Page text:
After people died from infections during the COVID-19 epidemic, this attracted a lot of attention. COVID-19 causes symptoms such as fever, headache, sore throat, shortness of breath, and others. Many deaths are asymptomatic, which makes the problem even bigger. Therefore, real-time system monitoring is needed. Monitoring will be carried out about measuring body temperature and oxygen saturation in patients. Monitoring body temperature is necessary because it can detect symptoms of COVID-19 in patients earlier. The concept of the Internet of Things (IoT) is to enable devices to send and receive data over an internet network. The monitoring system to be built uses NodeMCU ESP8266, DS18B20 sensor, and MAX30100 sensor. Data communication is used in the exchange of information using WiFi. Applications made using MIT App Inventor are used to view body temperature and oxygen saturation data. This system is expected to reduce the number of deaths due to COVID-19. DS18B20 sensor has a sensor accuracy of 99,73% and an average error of 0,27%. MAX30100 sensor has an accuracy rate of 99,18% and an average error of 0,82%. Delay test results show an average of 155,57 ms, and packet loss test results show an average of 0%. The result of a system that has been tested said that both sensors can read well. After people died from infections during COVID-19 epidemic, this attracted a lot of attention. COVID-19 causes symptoms such as fever, headache, sore throat, shortness of breath, and others. Many deaths are asymptomatic, which it makes the problem even bigger. Therefore, real-time system monitoring is needed. Monitoring will be carried out about measuring body temperature and oxygen saturation in patients. Monitoring body temperature is necessary because it can detect symptoms of COVID-19 in patients earlier. Concept of Internet of Things (IoT) is to enable devices to send and receive data over internet network. Monitoring system to be built uses NodeMCU ESP8266, DS18B20 sensor, and MAX30100 sensor. Data communication is used in exchange of information using WiFi. Applications made using MIT App Inventor are used to view body temperature and oxygen saturation data. This system is expected to reduce number of deaths due to COVID-19. DS18B20 sensor has a sensor accuracy of 99,73% and an average error of 0,27%. MAX30100 sensor has an accuracy rate of 99,18% and an average error of 0,82%. Delay test results show an average of 155,57 ms, and packet loss test results show an average of 0%. Result of system that has been tested said the both sensors can read well.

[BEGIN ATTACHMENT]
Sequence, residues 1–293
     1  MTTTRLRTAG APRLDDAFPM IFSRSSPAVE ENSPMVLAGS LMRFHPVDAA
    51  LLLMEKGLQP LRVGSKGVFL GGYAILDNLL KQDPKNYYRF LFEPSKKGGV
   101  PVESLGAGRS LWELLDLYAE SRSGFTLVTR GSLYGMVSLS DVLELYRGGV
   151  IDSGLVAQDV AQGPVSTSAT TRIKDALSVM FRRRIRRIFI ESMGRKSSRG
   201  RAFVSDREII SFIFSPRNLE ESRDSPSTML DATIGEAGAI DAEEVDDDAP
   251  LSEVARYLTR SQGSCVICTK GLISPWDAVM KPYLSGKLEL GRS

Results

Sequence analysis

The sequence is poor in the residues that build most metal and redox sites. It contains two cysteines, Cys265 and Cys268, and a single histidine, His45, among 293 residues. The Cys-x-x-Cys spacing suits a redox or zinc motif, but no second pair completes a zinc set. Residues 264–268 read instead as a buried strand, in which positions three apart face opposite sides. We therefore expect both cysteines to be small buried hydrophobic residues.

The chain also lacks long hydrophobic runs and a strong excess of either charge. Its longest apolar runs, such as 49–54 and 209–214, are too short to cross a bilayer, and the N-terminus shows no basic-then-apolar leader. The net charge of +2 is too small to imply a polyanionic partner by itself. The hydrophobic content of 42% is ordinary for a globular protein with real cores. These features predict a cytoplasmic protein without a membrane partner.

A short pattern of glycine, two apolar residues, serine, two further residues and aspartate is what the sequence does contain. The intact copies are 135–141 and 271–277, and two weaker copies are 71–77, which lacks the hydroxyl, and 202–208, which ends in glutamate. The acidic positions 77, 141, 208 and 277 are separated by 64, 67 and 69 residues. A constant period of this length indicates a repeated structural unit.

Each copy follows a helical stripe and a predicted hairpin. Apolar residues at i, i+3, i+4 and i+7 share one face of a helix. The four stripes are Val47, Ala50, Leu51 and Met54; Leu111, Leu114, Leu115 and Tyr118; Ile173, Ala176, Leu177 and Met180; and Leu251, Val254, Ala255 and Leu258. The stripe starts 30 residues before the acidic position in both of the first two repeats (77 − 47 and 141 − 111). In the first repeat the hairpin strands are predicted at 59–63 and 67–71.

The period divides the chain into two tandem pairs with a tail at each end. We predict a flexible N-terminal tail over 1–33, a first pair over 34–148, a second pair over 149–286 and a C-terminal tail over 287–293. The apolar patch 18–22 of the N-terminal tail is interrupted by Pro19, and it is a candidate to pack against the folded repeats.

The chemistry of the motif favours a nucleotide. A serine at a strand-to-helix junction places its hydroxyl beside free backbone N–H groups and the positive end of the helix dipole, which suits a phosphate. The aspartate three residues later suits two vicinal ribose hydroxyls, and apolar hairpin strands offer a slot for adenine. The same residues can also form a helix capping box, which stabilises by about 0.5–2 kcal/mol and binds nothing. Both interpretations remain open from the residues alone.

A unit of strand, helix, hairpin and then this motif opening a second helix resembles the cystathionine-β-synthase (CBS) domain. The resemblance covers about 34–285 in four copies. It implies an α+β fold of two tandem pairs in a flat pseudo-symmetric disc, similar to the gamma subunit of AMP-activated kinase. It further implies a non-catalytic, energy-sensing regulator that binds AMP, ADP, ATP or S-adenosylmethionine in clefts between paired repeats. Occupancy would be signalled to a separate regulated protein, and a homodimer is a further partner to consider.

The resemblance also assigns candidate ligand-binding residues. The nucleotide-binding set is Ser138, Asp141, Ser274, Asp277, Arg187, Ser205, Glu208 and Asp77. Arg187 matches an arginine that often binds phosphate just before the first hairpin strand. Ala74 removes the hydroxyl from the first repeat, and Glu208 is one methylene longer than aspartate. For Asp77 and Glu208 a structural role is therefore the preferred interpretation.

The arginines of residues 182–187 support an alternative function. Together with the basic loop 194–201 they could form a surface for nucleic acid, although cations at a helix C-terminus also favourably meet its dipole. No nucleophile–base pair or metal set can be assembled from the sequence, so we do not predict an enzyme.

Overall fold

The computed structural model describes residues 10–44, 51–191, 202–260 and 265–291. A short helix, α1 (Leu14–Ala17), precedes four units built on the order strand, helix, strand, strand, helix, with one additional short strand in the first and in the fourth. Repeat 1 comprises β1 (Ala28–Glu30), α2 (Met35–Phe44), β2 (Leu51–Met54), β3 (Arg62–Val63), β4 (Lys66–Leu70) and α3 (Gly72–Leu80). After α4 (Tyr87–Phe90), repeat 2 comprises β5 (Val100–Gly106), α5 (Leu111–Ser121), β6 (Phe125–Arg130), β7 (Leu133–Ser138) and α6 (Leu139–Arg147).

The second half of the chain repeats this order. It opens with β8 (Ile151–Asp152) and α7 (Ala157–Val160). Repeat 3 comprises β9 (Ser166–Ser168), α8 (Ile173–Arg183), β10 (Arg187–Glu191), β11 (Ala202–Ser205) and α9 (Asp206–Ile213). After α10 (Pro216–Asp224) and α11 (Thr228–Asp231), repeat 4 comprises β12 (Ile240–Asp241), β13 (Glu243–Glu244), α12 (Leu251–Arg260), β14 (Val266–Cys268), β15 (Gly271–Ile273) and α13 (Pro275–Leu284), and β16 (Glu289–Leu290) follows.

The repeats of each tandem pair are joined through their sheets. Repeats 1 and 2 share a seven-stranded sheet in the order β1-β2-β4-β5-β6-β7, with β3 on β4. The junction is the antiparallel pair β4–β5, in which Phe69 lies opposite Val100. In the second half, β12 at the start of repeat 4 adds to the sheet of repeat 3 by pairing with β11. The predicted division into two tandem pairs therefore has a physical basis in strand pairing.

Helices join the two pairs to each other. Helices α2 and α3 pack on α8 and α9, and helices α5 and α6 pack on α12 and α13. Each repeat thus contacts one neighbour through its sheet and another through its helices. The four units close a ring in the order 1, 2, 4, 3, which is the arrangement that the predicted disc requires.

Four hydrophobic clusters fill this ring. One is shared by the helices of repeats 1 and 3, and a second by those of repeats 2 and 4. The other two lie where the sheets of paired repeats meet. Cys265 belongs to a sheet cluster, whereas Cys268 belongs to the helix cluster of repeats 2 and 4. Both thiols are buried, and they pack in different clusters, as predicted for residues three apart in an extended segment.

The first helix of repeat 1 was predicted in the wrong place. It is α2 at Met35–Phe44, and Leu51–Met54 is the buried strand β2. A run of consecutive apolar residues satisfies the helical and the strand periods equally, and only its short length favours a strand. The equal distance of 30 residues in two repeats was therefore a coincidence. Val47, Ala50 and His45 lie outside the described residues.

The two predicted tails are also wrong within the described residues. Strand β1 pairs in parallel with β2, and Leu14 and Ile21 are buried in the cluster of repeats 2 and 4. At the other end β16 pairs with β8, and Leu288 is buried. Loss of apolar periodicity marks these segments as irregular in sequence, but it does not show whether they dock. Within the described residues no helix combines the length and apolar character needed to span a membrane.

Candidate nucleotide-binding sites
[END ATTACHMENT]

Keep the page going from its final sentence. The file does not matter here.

• Publication . Article . Preprint . 2022